Tuesday, November 30, 2004

Myanmar completes release of 9,000 prisoners

BURMA: YANGON: Myanmar has completed its mass release of more than 9,000 prisoners, a prison department source said on Saturday, amid opposition claims the move would be meaningless without the freeing of more dissidents.

The prison department source said all 9,248 prisoners promised freedom had been released by late last Friday, although the comment could not be independently checked.

All the listed prisoners in the announcement were released. The regime said last Thursday through state media it would free 5,311 prisoners on top of the 3,937 planned releases announced a week earlier.

But there has so far been no accurate independent verification of the numbers released. [?] Several hundred were freed in the past week including fewer than 30 dissidents, according to the opposition and witnesses.

Another 10 dissidents were among the second batch freed, said Myanmar officials. The National League for Democracy (NLD) opposition party had been hoping for freedom for 400 dissidents in the first set of releases alone.

"I am quite disappointed but I continue to hope that more such official announcements of prisoner releases will follow, especially political prisoners," NLD spokesman U Lwin said.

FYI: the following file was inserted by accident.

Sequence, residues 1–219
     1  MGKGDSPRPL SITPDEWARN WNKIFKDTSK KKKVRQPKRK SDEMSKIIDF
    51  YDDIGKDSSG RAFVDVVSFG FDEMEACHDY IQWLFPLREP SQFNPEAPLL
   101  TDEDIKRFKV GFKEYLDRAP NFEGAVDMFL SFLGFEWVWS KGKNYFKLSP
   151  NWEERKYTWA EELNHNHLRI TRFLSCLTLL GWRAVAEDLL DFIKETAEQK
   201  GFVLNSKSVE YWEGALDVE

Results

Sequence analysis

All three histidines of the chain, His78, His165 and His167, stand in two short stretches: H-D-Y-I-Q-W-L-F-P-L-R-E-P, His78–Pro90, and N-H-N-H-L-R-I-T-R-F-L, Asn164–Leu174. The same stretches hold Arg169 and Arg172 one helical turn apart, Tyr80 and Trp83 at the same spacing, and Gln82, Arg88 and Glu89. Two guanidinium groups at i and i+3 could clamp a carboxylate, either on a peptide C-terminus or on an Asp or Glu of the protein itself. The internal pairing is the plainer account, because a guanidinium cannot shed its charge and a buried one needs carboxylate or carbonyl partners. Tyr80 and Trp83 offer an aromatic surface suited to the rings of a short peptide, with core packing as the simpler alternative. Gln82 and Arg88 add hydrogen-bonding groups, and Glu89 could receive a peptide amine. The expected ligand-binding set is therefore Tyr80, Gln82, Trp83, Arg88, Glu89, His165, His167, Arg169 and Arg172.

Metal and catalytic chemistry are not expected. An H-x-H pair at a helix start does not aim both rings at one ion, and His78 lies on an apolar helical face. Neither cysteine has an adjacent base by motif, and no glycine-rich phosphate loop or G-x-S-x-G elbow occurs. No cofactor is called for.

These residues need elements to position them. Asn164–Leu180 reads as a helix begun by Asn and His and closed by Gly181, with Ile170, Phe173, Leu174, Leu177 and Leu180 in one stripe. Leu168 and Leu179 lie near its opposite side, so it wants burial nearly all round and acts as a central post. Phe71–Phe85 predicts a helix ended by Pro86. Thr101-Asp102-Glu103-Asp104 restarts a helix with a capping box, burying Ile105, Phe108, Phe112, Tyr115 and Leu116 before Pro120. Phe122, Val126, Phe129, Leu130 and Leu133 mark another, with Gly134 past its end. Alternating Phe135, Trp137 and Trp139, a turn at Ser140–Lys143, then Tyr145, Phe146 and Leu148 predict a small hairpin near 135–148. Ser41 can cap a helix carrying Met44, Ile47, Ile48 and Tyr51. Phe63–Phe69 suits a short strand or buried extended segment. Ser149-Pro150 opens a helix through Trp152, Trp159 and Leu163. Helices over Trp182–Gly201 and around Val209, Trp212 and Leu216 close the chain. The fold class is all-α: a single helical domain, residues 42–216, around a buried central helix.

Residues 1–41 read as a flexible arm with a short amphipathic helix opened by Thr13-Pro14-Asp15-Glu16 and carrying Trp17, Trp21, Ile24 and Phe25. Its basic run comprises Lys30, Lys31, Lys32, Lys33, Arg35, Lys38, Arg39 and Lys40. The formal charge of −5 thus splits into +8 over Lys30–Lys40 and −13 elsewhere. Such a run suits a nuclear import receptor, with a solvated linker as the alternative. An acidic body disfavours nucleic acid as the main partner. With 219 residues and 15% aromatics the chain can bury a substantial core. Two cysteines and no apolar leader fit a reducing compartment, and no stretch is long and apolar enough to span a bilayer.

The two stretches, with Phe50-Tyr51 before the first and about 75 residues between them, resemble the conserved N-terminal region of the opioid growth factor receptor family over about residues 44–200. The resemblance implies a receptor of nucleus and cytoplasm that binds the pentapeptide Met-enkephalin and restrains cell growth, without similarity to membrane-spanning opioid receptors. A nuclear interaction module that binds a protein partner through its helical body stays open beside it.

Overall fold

U Lwin said, "If the junta did not commit itself to the release of greater numbers of political prisoners all of this would be meaningless. The timing of the release coincided with a summit of the Association of Southeast Asian Nations (ASEAN) which starts in Laos on Monday.

Political developments in member country Myanmar are expected to be a major focus of the meeting. The junta has said the prisoners were wrongly imprisoned by an intelligence bureau disbanded after the sacking and arrest of former premier Khin Nyunt last month. He was also the head of military intelligence for two decades.

Most prisoners were petty criminals, according to the junta, which has so far refused to name the handful of political prisoners also freed. However, Myanmarâs foreign minister Major-General Nyan Win said Friday the release list did not include Win Tin, 74, one of Myanmarâs best-known journalists and a prominent opposition figure.

The ailing writer has been behind bars for 15 years and has been the subject of a long freedom campaign by rights groups and the United Nations. The most famous dissident so far known to have been released was Min Ko Naing, the leader of 1988 student protests, who was released a week ago. Among those released Friday from Insein prison, the countryâs largest jail, and a prison in the northern city of Mandalay were six political dissidents, according to the NLD which is headed by detained democracy activist Aung San Suu Kyi. afp

By Vicki Chartrand posted 30 November 04


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